Executive Summary
China’s GDP growth is clipping along at 6%, and while the UK economy is a little weaker, the Eurozone is seeing a rise in household spending and business investment. Key measures of world trade, such as container shipping and air freight, are growing at their fastest rates since before the global economic crisis. However, there is a darker side. Although globalization has strengthened the world economy as a whole, two-thirds of all households in 25 advanced economy countries saw their incomes stagnate or decline between 2005 and 2014. It’s statistics like this that have created openings for politicians to exploit economic resentment and instate more protective polices. This in turn has created a new phase of globalization, one characterized by the push to innovate, digitize and interconnect like never before counteracted by the fierce compulsion to retract, retreat and return to simpler times. Both personally and as the chair of a global international law firm, I believe that globalization is a force for good. I don’t think a retreat into protectionism is the answer, although I agree we need to make a concerted effort to find a more sustainable model for growing the global economy. In the meantime we must help our clients contend with the new forces at play, which is what this report aims to do, focusing on four key areas: policies related to trade and investment, tax, data privacy and security, and labor and human rights. We do our best to answer the questions clients ask us most: How is this new policy, regulation or tax requirement going to affect me? How do we navigate these global opportunities and manage the associated risks? In this new era of globalization, anything can happen. Our hope is this report makes you better prepared.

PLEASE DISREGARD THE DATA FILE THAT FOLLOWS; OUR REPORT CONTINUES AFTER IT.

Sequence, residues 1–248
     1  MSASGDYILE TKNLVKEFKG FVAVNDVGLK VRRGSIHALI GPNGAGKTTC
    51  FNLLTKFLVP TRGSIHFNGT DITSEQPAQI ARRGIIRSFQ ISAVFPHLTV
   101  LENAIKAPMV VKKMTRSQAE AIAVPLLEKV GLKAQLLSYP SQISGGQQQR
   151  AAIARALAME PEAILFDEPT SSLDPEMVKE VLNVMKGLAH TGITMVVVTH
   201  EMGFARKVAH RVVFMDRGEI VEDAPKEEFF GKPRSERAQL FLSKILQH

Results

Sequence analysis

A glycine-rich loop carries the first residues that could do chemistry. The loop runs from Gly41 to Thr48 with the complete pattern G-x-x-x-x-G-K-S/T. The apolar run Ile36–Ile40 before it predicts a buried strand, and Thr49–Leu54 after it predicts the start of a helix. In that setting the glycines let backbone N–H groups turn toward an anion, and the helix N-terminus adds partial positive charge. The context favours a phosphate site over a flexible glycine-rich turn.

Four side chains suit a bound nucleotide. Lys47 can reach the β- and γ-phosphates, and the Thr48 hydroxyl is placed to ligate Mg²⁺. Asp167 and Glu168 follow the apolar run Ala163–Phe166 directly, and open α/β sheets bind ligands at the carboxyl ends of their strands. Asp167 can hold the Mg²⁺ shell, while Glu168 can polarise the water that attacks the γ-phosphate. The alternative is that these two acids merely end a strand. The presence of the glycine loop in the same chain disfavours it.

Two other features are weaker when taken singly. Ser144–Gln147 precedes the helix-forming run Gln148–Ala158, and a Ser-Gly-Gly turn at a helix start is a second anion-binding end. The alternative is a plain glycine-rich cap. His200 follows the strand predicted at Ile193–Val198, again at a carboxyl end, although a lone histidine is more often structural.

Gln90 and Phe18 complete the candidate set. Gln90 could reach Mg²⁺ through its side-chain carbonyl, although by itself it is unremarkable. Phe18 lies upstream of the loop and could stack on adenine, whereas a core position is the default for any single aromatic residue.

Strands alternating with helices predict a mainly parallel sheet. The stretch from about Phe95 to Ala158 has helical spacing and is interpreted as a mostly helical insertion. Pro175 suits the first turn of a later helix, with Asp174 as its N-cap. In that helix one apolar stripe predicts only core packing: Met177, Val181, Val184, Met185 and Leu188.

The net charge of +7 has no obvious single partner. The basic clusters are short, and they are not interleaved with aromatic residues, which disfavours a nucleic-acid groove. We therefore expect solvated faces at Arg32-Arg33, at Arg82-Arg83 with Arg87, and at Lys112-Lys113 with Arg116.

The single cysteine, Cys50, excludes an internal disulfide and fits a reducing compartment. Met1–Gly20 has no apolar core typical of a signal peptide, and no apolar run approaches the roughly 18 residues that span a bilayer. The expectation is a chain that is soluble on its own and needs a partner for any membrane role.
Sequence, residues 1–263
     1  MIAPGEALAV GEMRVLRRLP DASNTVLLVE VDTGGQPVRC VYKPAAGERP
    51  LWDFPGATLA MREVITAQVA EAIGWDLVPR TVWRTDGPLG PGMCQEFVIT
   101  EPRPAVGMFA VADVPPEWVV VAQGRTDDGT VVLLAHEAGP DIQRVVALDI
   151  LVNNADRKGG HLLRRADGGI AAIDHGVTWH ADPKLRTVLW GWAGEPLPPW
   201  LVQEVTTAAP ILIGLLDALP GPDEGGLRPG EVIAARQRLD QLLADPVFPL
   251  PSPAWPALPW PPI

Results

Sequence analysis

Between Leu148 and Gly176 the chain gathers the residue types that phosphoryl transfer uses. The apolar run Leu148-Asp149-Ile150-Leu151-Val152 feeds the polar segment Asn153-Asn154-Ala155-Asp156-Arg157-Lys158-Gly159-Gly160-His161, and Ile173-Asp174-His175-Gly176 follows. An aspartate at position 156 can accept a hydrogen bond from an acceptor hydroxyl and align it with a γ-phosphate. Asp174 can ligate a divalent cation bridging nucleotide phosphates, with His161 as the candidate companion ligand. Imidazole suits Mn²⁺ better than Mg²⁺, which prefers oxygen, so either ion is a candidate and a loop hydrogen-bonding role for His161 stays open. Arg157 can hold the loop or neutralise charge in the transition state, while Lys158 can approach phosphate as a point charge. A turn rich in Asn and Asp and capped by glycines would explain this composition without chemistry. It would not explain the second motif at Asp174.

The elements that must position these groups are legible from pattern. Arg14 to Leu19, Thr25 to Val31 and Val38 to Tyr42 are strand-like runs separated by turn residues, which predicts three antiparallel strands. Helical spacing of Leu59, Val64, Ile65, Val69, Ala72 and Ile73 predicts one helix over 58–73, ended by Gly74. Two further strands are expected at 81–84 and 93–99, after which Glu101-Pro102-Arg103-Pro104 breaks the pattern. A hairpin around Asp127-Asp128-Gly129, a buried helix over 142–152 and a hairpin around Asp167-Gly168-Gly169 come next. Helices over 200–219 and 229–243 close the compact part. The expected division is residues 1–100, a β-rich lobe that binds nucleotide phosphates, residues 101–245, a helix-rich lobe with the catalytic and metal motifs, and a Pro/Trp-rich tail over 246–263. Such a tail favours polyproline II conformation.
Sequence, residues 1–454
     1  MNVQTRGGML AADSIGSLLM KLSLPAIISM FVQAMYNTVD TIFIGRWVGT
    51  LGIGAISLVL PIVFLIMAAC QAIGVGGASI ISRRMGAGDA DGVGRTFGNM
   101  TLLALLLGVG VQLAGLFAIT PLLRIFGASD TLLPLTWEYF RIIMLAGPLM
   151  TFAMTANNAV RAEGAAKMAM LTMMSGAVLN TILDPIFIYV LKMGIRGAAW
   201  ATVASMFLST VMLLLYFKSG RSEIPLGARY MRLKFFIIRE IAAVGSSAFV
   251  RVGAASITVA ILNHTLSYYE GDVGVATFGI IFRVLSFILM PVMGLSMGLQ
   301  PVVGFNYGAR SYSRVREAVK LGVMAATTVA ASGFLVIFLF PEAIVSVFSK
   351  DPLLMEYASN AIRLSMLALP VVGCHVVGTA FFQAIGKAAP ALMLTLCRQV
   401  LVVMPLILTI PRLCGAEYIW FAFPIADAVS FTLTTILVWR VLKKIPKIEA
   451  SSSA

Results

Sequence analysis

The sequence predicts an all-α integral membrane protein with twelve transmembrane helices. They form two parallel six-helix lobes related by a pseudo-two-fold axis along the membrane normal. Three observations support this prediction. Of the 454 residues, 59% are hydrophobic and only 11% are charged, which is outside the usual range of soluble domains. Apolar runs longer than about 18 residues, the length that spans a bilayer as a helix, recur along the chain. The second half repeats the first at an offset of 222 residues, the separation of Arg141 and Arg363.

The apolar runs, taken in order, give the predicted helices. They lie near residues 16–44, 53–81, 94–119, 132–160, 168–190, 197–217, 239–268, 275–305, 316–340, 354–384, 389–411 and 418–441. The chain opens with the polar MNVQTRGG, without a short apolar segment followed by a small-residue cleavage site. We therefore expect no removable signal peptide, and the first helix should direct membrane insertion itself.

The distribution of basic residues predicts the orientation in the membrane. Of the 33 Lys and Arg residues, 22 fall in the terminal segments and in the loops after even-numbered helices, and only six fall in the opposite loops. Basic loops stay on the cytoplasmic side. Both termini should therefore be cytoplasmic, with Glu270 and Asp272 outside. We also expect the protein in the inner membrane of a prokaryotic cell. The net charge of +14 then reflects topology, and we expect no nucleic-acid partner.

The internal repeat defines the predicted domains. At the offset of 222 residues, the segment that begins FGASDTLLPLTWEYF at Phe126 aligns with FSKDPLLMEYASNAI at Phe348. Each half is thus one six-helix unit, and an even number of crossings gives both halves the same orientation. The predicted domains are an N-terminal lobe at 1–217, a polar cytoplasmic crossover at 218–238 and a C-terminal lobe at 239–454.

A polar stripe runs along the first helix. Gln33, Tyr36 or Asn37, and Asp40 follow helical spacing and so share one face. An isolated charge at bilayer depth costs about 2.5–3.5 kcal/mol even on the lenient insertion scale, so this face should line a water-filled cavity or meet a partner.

GTF-ProfileCircle-Photo-Paul
Paul Rawlinson, Global Chair
Despite Brexit and the rise of President Trump’s “America First,” the global economy is doing remarkably well.
Globalization 3.0: Preparing for the next era of globalization